Thursday, April 17, 2014

Book Review: "The Sadness of Christ" by St. Thomas More

Last Saturday, I finished reading St Thomas More's De Tristitia Christi, in the English translation included in the Vintage Spiritual Classics edition of this work, his last prayers and letters from the Tower, and other works. It seems appropriate to post a review of this work on Holy Thursday, since it was after the Last Supper, with His institution of the Eucharist and the Priesthood, that Jesus went to pray in the Garden of Gethsemane. Also, it was on April 17, 1534 that Sir Thomas More, Knight, the former Chancellor of England, was imprisoned in the Tower of London.

Although I read The Sadness of Christ primarily as a Lenten devotion, I also began to learn more about St. Thomas More in his last months: his devotion to Jesus Christ; his knowledge of Scripture and the Fathers of the Church; his obvious deep reading of the Holy Bible and practice in exegesis; his deep concern for the Church; and  most of all, his recognition of his own sinfulness and failure, and his preparation for death. I mentioned last month that I found an article with the thesis that More prepared for martyrdom by writing De Tristitia Christi, just as he deal with the issues of trouble and conflict in the Dialogue of Comfort--writing both for himself and those who would face the same crisis after him.

Although he knew, as he states in The Sadness of Christ, that no martyr had ever faced or suffered the agonies and the tortures Jesus was to face and that Jesus knew he was to face while praying in the Garden of Gethsemane, More was facing a terrible execution (until Henry VIII commuted it to beheading) if/when found guilty of treason. He had seen the Carthusian Priors, Father Richard Reynolds and Father John Haile taken from the Tower and knew they faced being drawn through the streets, hung until barely conscious, eviscerated while alive, and then quartered and beheaded. When they went as bridegrooms to their wedding day, he told his daughter that God knew he was not ready to die ("Whereas thy silly father, Meg, that like a most wicked caitiff hath passed the whole course of his miserable life most sinfully, God, thinking him not worthy so soon to come to that eternal felicity, leaving him here yet still in the world, further to be plagued and turmoiled with misery.") So from that date of May 4, 1535 to his own execution on July 6, 1535, he faced even greater preparations for his own death.

Even as he devoted himself to meditating on the Agony in the Garden, with the drama of Jesus's three prayers to His Father to let the cup of suffering pass by, the sleeping Apostles neglecting His vigil, and the betrayal of Judas, More was thinking of his own day. He compares the sleeping Apostles to their negligent successors, the Bishops, in the midst of the attacks on the Church and  at the same time he contrasts the negligence of the Apostles to the activity and decision of Judas, betraying Jesus and turning Him over to the Sanhedrin. He was as much concerned by the betrayal of Jesus in the 16th century as he was Judas' betraying kiss that first Holy Thursday night. He was concerned about the growing disbelief in the Real Presence of Jesus in the Eucharist and also about those "autodidacts" who interpreted Scripture on their own authority, not based on the teaching and Tradition of the universal Catholic Church.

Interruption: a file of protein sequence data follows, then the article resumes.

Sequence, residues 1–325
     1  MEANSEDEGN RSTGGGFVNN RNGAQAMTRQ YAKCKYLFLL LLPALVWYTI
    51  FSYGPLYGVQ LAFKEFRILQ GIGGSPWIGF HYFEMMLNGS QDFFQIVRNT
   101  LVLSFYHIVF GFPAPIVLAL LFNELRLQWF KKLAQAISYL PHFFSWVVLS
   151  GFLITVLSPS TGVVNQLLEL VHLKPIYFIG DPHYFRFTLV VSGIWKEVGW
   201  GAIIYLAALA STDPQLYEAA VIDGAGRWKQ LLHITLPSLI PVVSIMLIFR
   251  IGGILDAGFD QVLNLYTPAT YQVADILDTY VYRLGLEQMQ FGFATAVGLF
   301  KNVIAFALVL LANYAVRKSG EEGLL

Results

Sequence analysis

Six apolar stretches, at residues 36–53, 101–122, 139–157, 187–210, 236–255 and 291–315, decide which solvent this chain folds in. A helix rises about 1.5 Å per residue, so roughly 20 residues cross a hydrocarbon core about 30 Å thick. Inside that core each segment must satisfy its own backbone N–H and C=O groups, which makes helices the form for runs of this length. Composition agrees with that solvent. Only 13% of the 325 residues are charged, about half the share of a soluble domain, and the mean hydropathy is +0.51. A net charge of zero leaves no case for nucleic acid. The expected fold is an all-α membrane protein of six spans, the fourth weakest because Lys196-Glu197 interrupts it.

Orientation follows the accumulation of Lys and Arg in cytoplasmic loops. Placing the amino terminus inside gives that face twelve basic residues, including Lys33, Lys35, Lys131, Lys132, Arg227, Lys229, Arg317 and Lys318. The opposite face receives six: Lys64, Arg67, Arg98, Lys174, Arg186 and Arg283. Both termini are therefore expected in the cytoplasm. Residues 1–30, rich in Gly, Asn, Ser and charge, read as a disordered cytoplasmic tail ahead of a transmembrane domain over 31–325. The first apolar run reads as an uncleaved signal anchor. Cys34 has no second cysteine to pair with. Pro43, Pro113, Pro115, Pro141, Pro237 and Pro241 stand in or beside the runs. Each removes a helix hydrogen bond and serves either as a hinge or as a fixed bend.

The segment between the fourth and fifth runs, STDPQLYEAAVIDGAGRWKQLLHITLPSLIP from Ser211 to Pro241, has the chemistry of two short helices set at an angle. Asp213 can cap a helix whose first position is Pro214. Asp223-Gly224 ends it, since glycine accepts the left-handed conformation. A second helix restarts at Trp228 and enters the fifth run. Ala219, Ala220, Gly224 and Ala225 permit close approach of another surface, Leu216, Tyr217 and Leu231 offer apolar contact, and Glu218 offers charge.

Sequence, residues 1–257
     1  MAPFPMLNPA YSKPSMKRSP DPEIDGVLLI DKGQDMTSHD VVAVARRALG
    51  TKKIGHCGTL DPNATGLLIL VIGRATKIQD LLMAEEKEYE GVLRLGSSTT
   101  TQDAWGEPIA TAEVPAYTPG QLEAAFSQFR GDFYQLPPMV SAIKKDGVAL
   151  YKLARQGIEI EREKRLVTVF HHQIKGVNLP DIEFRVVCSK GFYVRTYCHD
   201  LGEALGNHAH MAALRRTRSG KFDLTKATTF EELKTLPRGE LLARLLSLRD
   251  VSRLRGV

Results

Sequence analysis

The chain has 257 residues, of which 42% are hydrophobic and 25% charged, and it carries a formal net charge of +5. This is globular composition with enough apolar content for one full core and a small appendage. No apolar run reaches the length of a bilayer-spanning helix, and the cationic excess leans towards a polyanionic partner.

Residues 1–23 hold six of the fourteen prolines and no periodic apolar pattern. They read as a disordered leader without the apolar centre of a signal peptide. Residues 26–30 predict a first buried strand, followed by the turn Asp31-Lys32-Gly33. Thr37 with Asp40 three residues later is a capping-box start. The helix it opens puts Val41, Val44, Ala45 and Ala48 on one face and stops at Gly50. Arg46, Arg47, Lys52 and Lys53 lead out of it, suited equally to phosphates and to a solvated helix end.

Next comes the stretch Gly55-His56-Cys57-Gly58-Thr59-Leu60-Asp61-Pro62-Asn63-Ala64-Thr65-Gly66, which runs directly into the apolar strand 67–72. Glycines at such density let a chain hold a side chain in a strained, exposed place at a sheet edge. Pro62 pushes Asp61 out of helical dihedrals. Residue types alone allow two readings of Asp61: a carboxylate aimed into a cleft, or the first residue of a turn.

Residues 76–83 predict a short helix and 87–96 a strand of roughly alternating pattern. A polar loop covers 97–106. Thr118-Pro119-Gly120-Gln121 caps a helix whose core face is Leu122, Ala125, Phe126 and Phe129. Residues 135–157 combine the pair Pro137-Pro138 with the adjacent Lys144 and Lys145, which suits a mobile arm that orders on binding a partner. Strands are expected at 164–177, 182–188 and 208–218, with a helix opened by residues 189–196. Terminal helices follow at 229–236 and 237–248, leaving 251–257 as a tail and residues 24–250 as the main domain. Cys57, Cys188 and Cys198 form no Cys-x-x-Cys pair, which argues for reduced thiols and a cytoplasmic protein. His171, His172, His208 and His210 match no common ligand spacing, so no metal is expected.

For his part, More examines the Gospel passages describing Christ's agony in the garden using the four senses of Scripture: literal, moral, spiritual, and eschatological. He applies their lessons to our acceptance of the doctrine of the Incarnation, to how we must be prepared to suffer and die when facing martyrdom, to our prayer life whether waking or sleeping, and to the life to come. It's fascinating how many paragraphs he dedicates to the mystery of the young man who flees the Garden, leaving his garment behind. He examines the moral implications of running away, whether to avoid danger or to avoid the near occasion of sin.

The Center for Thomas More Studies is going to host a seminar on "The Theology of Thomas More's Tower Works" in November this year. I will be interested in seeing what conclusions are reached by the academics gathered in Irvine, Texas. I am not a theologian, but as I read The Sadness of Christ, I recognized again what a faithful and devout Catholic Thomas More was, how diligently he studied and tried to live his faith, how concerned he was with doing God's will and preparing to do God's will, and how much he loved Jesus. As he prepared to suffer and die, More left a testament and example for others, both in his written work and in his life.

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